The opinion of the court was delivered by: Blanche M. Manning United States District Judge
Lyle Vander Schaaf, the personal representative of the estate of Gregory Vander Schaaf ("Gregory's Estate") brought this action pursuant to the Illinois Wrongful Death Act against Midwest Transfer & Logistics, LLC and Mark Rhodes.*fn1 Gregory was survived by his mother, siblings and son. The defendants filed a motion to strike, contending that the complaint's references to relatives who survived Gregory, other than his son, were irrelevant because these relatives are ineligible beneficiaries under the Wrongful Death Act. Because it appeared that the motion to strike was unopposed, the court granted it. Gregory's Estate filed a timely motion to reconsider. For the following reasons, after considering the issue afresh, the motion to reconsider is granted, and the court denies the motion to strike.
The following facts are drawn from the second amended complaint filed by Gregory's Estate and are accepted as true for purposes of the motion to strike.*fn2 On April 19, 2006, Gregory Vander Schaaf, a South Dakota citizen, was killed in a two-vehicle accident involving a vehicle driven by Mark Rhodes on Route 20 near Coral, Illinois. At the time of the accident, Mr. Rhodes was operating a vehicle in the course and scope of his employment with Midwest, a limited liability corporation. Midwest's sole managing member is American Wood Recycling, Inc. an Illinois corporation with its principal place of business in Illinois.
Gregory was survived by Lyle Vander Schaaf (his brother), Kara Donoghue and Lynnette Vander Schaaf (his sisters), Marilyn Vander Schaaf (his mother), and Stephen Sorgatz (his biological son, who had been adopted by the husband of Stephen's biological mother).*fn3
Following the accident, Gregory's Estate, through its personal representative Lyle Vander Schaaf, filed this action against Midwest and Mr. Rhodes under the Wrongful Death Act.
This action was initially assigned to the late Judge James Moran. On February 23, 2009, Gregory's Estate filed its second amended complaint. Subsequently, on March 17, 2009, the defendants moved to strike the portions of the second amended complaint which refer to Gregory's survivors other than Stephen. During 2009, several of the court's colleagues entered orders on Judge Moran's behalf while he was on leave. Judge St. Eve ordered Gregory's Estate to respond to the motion to strike by April 22, 2009, and set a status date on June 3, 2009. According to Gregory's Estate, the parties expected the case to be transferred back to Judge Moran shortly after the status. Following Judge Moran's death, however, Judge St. Eve struck the June 3, 2009, status date and the case was reassigned to this court.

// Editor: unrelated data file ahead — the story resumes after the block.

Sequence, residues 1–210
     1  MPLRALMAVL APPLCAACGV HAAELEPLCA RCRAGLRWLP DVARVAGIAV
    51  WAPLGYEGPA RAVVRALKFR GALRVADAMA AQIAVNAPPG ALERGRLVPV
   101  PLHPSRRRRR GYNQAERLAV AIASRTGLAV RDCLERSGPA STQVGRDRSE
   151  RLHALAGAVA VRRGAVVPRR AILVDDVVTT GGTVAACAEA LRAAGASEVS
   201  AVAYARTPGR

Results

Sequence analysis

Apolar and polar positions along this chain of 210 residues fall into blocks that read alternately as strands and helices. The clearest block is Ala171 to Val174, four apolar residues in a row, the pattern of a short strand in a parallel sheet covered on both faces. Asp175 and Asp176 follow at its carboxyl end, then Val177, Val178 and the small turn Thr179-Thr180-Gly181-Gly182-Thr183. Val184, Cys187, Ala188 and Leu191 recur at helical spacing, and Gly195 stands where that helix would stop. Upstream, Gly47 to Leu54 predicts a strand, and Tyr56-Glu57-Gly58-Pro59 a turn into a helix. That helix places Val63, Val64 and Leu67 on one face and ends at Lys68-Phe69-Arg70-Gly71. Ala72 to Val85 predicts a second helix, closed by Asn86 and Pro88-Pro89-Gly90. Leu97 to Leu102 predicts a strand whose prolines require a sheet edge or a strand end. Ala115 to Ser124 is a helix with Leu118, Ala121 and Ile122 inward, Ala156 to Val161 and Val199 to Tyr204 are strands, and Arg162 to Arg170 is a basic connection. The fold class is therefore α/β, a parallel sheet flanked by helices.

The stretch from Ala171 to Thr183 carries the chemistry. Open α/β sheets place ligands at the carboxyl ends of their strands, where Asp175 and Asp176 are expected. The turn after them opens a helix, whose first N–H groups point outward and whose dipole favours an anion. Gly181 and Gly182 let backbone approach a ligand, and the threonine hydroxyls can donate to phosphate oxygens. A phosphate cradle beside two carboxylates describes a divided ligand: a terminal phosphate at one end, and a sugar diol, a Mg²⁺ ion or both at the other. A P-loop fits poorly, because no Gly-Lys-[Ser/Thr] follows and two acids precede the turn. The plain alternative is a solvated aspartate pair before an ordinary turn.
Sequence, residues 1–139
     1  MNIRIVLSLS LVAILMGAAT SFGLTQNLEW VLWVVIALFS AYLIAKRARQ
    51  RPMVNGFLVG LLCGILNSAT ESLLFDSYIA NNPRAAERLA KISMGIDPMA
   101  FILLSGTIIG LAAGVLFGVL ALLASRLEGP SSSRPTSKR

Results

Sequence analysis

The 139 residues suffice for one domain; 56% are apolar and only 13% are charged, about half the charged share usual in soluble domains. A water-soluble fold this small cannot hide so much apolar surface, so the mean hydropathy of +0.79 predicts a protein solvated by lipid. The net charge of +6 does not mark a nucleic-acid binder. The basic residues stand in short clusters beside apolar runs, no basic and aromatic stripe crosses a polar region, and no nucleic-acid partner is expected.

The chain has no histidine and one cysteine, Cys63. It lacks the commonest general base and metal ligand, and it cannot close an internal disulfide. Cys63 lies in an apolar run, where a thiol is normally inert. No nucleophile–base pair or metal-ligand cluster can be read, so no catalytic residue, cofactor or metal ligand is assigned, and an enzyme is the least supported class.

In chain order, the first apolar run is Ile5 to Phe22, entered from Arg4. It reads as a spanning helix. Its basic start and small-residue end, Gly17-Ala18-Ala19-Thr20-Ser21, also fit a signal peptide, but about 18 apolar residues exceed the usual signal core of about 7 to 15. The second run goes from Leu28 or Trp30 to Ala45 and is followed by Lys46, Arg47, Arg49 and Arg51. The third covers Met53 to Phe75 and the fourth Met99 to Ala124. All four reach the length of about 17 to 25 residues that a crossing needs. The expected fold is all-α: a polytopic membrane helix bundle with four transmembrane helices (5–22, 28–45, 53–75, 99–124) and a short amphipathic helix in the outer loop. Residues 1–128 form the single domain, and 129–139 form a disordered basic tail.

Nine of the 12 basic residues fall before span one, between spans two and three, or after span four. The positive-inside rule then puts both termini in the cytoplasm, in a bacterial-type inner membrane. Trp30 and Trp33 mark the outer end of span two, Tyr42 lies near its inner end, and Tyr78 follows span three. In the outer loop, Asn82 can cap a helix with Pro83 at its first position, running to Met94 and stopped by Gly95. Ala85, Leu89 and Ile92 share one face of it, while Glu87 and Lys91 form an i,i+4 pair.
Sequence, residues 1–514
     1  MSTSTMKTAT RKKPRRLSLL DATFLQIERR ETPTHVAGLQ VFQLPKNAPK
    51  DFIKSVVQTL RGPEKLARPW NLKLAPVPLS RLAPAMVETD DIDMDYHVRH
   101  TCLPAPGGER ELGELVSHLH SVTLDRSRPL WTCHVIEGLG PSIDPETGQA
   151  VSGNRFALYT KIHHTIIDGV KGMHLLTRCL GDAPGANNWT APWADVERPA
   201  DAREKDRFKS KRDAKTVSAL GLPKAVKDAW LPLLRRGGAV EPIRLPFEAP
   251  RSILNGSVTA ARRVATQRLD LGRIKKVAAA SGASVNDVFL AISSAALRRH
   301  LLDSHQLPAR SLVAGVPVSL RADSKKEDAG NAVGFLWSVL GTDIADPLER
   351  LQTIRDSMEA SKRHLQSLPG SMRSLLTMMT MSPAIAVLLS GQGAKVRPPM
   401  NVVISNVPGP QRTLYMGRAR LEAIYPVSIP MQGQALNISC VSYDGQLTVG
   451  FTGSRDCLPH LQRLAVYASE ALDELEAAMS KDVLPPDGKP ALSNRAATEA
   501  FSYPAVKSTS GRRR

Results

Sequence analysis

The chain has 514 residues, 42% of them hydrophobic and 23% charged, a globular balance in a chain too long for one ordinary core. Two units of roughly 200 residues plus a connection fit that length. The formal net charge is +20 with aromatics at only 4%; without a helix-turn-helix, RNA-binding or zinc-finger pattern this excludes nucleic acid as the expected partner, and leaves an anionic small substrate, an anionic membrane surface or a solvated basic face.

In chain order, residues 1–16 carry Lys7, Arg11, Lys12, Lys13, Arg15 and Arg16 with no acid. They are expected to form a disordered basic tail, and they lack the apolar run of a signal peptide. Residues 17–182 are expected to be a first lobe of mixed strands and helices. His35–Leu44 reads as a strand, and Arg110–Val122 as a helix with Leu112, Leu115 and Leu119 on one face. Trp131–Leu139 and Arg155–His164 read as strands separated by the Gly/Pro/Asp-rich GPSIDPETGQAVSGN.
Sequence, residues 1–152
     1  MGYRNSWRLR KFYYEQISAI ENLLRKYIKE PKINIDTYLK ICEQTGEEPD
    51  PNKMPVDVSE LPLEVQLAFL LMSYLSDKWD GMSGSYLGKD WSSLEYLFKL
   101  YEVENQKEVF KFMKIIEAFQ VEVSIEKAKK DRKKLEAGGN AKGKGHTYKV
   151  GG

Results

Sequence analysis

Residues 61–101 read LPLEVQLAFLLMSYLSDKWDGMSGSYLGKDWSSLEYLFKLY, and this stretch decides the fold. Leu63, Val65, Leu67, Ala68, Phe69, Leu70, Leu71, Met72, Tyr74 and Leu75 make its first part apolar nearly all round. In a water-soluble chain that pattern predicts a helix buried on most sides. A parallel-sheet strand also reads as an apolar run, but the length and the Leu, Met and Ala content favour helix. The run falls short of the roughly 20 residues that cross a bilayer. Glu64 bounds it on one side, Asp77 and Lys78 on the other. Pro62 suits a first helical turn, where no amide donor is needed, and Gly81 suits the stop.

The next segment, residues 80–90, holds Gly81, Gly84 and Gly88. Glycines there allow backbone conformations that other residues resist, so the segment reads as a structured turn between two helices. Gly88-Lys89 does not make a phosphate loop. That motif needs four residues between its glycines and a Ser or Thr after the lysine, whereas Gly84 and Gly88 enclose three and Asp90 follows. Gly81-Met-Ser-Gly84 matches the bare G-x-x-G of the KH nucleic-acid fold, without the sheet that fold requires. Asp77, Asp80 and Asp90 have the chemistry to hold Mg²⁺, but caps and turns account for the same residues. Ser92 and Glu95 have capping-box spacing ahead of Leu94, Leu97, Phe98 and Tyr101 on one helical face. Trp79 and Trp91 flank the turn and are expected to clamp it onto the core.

As a result, it appears there was a misunderstanding surrounding the submission dates for the response to the motion to strike. The parties disagree as to whether they agreed to an extension amongst themselves (a practice not permitted by this court, to avoid situations like the present one and because the parties cannot unilaterally alter dates set by the court). Regardless, this court reviewed the file when the case was reassigned to it, and believed that the motion to strike was unopposed. It thus granted the motion on May 1, 2009, stating:
This case was recently reassigned to this court. The defendants' motion to strike portions of the second amended complaint is before the court. The plaintiffs' response was due on April 22, 2009, and they did not file a response so the court will rule without the benefit of their views. The parties agree that Illinois law controls. As a matter of basic probate law, the decedent's mother or siblings may not recover under the Illinois Wrongful Death Act given the existence of a surviving descendant and the lack of a surviving spouse. Thus, the motion to strike  is granted, and all portions of the complaint indicating that the decedent's mother or siblings may recover are stricken.
On May 15, 2009, Gregory's Estate filed a motion to reconsider the May 1st order, and the court set a briefing schedule. The fully briefed motion to ...